Taking its cue from Henry James’s ruminations on Nathaniel Hawthorne’s engagements with Europe in Hawthorne (1879), this paper will explore some of the ways in which US American authors from the first half of the nineteenth century, in particular, used and contributed to the development of the essay form. James’s Hawthorne, Coleman will suggest, represents a particular, if problematic, high point in the development of the US American essay in the later part of the nineteenth century, but it is preceded by major contributions that are distinctive and tricky in themselves, most notably by Washington Irving, Ralph Waldo Emerson, Margaret Fuller and Lydia Maria Child. For each of these writers, and others, what James called the “spectacle” of Europe assumed different forms but it also served as a backdrop, and foil, against which their own individual aesthetic and ideological contributions were formed.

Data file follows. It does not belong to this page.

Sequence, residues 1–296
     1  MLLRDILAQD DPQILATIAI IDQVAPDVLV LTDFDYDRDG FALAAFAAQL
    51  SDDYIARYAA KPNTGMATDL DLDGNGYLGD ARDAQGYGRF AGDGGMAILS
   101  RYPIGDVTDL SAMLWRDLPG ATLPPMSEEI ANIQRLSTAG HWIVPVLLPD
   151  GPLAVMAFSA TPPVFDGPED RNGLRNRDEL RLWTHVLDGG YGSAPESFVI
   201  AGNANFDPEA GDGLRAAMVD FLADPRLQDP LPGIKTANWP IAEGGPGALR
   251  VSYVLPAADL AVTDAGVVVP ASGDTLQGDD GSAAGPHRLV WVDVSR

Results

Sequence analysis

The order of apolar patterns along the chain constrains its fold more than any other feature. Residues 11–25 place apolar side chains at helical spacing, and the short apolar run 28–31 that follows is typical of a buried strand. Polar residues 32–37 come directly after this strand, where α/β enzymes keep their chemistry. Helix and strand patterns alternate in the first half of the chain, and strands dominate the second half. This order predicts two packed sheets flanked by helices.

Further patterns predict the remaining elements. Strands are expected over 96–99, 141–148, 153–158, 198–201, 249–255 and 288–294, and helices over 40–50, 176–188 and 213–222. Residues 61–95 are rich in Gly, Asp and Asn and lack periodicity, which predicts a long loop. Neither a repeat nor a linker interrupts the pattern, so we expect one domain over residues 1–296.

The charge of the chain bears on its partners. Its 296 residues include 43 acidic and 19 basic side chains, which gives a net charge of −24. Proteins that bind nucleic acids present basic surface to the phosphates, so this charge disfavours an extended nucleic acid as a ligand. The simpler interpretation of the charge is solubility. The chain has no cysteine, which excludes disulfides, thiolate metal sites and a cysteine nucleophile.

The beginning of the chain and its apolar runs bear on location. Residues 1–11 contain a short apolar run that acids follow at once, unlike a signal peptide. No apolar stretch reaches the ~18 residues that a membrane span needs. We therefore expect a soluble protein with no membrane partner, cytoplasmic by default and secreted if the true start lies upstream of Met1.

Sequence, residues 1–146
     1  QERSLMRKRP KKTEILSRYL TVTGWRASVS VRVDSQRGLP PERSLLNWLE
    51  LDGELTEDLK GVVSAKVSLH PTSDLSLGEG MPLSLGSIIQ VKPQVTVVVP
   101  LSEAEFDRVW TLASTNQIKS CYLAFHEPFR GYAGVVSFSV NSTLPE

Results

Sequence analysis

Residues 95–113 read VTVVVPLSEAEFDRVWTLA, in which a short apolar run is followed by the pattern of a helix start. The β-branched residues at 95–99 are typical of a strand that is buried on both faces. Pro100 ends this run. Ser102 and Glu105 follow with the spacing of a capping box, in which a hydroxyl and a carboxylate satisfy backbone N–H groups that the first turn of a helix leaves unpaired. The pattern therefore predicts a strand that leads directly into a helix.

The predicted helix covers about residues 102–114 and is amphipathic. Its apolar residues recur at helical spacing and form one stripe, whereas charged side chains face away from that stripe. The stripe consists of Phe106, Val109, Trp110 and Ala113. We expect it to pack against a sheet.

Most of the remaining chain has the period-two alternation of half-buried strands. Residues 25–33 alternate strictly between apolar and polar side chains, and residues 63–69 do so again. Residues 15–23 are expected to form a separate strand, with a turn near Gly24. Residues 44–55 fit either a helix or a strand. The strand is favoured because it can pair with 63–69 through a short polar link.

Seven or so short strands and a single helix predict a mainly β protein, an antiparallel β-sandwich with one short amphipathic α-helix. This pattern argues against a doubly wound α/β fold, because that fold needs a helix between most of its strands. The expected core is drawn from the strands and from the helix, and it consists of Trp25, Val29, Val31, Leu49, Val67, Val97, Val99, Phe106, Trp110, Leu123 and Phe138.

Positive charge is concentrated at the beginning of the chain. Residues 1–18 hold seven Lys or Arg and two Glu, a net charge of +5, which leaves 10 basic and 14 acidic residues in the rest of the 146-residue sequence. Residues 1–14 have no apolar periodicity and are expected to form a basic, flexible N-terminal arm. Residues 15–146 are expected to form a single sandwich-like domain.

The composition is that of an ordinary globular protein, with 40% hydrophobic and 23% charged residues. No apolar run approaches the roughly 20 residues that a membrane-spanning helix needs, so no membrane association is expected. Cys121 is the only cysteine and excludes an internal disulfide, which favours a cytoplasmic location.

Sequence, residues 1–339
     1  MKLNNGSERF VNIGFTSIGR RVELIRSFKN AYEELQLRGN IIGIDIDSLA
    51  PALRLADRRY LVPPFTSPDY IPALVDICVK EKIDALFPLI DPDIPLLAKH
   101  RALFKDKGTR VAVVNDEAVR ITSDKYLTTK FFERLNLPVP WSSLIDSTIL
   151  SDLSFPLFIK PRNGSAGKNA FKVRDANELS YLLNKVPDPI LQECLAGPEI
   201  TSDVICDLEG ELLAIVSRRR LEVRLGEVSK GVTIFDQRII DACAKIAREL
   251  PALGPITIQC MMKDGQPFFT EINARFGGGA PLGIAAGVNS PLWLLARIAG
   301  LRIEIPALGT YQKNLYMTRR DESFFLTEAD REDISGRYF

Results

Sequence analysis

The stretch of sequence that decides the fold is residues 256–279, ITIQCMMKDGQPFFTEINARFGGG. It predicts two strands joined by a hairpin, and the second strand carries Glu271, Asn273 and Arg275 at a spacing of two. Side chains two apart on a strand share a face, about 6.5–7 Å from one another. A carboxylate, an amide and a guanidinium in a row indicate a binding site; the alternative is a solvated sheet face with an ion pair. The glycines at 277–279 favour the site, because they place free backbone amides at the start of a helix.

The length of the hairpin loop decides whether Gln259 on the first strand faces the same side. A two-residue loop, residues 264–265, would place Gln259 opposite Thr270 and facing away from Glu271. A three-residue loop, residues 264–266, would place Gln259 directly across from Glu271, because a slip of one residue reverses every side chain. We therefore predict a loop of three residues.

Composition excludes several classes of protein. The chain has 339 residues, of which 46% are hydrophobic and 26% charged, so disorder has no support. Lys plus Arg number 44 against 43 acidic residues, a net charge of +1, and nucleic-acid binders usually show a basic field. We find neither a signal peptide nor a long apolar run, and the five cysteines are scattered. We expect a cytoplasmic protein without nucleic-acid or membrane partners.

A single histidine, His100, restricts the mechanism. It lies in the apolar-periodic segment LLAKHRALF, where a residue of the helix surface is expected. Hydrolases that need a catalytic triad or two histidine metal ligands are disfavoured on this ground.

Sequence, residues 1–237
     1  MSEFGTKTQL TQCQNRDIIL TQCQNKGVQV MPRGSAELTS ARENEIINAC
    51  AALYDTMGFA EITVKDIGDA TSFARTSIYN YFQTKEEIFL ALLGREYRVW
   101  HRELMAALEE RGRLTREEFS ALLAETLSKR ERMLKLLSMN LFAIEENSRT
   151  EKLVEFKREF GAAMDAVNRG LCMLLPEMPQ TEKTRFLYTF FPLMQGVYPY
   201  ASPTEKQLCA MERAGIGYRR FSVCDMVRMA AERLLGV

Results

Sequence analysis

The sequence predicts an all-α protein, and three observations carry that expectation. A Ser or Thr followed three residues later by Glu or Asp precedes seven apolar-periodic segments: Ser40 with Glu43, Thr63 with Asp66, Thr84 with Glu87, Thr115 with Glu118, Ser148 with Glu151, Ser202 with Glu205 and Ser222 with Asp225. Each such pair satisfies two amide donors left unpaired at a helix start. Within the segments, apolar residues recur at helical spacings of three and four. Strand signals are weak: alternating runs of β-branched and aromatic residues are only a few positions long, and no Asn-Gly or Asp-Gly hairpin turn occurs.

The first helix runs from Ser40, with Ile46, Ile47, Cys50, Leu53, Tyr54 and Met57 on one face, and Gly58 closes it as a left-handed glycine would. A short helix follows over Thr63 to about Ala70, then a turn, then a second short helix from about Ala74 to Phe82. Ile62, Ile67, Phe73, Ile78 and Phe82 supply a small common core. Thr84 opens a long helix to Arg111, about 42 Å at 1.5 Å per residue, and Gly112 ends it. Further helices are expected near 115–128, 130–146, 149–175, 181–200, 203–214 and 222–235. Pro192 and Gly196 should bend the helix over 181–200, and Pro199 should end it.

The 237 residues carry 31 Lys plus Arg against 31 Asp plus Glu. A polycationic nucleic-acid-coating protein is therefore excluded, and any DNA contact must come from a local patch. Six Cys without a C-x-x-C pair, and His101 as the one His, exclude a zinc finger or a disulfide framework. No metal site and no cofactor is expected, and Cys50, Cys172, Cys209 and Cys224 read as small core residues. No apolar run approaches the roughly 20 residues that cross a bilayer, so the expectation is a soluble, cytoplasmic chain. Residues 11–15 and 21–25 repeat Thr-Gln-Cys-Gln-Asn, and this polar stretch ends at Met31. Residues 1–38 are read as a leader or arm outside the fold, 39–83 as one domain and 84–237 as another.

Philip Coleman will give a short paper, followed by a discussion of pre-circulated materials. This zoom seminar is run as part of the CMods research strand 'The Contemporary Essay', an interdisciplinary, cross-period project that seeks to interrogate and define the aesthetic, historical, and critical boundaries of the essay.
Philip Coleman is an Associate Professor in the School of English, Trinity College Dublin, where he is also a Fellow. He has published extensively on US American poetry, especially on John Berryman, and his edition of Berryman’s letters, co-edited with Calista McRae, is forthcoming from Harvard University Press. He has also published on US American short fiction with recent publications on George Saunders and David Foster Wallace. He is currently working on essays for the Cambridge History of the American Essay and the Cambridge History of the English Essay.